Base Erosion and Profit Shifting (BEPS)
At a multilateral level, the OECD has been busy over the last few weeks on the base erosion and profit shifting front, and on December 23 released new tools for tax administrations to gauge how they are performing in the area of tax debt management and the reduction of compliance burdens.
It announced that it has developed new “maturity models,” featuring performance benchmarks against which tax agencies can better self-assess how their processes are performing against best standards and their peers.
Tom Boelaert, the Administrator General of the Belgian Debt Management Agency, which led the work on this model, explained that: “Tax debt management plays a crucial role in ensuring the effective and fair operation of the tax system. We should therefore always challenge ourselves to do better. Within my own agency, this new maturity model has facilitated frank and in-depth conversations … Read More »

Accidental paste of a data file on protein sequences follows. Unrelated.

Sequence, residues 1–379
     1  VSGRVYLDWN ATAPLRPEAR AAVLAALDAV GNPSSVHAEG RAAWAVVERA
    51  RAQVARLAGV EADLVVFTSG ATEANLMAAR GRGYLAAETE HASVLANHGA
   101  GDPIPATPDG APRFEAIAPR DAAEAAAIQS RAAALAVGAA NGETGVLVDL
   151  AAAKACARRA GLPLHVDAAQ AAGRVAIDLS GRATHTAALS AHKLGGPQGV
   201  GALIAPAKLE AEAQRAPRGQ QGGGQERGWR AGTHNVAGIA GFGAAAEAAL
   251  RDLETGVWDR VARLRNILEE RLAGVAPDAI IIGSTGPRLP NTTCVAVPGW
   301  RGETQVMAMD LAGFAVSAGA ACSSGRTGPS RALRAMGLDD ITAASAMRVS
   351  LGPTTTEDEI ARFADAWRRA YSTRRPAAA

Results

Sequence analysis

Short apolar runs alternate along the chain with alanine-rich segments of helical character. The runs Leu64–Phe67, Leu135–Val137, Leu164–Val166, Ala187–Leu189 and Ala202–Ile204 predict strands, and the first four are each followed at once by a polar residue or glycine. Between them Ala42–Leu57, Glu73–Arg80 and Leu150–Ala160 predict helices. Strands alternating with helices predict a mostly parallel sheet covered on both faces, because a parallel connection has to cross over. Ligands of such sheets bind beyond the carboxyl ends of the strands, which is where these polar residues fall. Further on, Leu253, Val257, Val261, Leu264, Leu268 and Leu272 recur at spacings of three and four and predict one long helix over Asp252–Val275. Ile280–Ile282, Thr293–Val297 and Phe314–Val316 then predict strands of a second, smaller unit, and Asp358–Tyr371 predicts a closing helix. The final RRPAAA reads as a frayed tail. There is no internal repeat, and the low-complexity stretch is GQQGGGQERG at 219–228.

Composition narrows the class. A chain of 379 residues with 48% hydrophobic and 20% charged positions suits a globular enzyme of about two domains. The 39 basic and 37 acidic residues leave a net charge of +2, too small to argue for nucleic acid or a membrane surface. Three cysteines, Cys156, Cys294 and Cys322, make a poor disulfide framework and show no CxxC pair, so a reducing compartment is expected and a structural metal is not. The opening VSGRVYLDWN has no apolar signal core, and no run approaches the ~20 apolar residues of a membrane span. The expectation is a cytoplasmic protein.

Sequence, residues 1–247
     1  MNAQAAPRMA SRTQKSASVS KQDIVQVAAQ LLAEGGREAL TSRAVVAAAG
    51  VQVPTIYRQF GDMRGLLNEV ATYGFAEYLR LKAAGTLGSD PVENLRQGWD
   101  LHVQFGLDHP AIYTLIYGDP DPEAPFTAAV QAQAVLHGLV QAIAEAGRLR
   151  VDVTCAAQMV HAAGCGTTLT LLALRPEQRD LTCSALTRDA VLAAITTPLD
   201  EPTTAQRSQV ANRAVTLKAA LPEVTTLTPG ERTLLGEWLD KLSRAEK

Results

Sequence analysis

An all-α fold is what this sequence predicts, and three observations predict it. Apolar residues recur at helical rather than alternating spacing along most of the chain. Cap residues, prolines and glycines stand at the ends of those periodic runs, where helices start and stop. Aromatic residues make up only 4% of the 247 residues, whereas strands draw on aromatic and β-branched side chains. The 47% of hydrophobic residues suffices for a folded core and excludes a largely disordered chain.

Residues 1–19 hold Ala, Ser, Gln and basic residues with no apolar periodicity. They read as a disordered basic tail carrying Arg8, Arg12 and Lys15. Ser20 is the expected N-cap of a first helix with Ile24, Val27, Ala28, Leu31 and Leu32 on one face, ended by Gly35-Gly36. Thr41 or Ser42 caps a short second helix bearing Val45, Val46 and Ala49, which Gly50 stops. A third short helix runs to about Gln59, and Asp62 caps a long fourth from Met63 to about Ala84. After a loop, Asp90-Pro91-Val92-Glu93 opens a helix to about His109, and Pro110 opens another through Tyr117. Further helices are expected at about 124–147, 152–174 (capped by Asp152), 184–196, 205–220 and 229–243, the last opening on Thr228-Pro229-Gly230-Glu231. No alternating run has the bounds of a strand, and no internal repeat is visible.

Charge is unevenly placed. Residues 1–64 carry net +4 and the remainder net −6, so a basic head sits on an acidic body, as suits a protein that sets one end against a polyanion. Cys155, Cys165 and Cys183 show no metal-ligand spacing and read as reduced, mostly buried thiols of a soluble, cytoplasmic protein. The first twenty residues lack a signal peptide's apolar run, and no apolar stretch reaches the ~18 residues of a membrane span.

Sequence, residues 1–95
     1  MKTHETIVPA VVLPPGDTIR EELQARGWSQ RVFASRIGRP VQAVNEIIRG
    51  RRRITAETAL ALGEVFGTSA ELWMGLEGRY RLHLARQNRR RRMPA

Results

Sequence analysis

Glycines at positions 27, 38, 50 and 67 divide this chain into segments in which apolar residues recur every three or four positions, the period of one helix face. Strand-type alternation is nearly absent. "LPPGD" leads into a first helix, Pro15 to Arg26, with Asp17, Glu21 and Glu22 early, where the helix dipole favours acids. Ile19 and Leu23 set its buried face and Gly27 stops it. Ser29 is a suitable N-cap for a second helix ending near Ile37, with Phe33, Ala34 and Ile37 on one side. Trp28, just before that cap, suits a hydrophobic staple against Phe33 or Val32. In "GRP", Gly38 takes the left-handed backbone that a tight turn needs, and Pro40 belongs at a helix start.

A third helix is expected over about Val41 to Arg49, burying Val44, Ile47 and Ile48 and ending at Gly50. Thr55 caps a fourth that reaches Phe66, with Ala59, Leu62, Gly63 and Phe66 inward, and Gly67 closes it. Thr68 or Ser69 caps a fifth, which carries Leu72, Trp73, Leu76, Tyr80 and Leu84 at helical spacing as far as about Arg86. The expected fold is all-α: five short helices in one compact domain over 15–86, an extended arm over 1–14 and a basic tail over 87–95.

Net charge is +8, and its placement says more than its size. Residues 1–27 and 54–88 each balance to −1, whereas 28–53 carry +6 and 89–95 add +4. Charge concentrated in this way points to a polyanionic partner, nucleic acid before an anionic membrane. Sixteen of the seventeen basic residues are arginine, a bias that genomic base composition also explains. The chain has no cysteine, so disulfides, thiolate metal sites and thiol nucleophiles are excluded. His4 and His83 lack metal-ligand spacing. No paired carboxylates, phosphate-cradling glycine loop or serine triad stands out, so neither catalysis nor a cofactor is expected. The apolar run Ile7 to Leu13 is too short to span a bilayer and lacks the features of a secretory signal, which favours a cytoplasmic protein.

The United States Internal Revenue Service has issued final regulations and proposed regulations on the base erosion and anti-abuse tax (BEAT) under section 59A of the tax code, which provide guidance for taxpayers affected by the tax provision.
Added to the tax code by the Tax Cuts and Jobs Act of 2017, the BEAT is designed to penalize those companies that make deductible payments to foreign affiliates to substantially reduce their exposure to US taxation. The BEAT is calculated by adding back certain deductible payments made to foreign affiliates and applying a minimum tax to a percentage of the difference between the taxpayer’s modified taxable income and their regular tax liability, at a rate of five percent for 2018, 10 percent from 2019, and 12.5 percent from 2025.
The provision primarily affects corporate taxpayers with gross receipts averaging more than USD500m over … Read More »
We all know that corporate taxation entails more than just a simple percentage of a company’s profits; it is far, far more involved than that. The 15 weighty tomes that are the final reports of the base erosion and profit shifting project – the fruits of the OECD’s countless hours of labor – are a testament to that.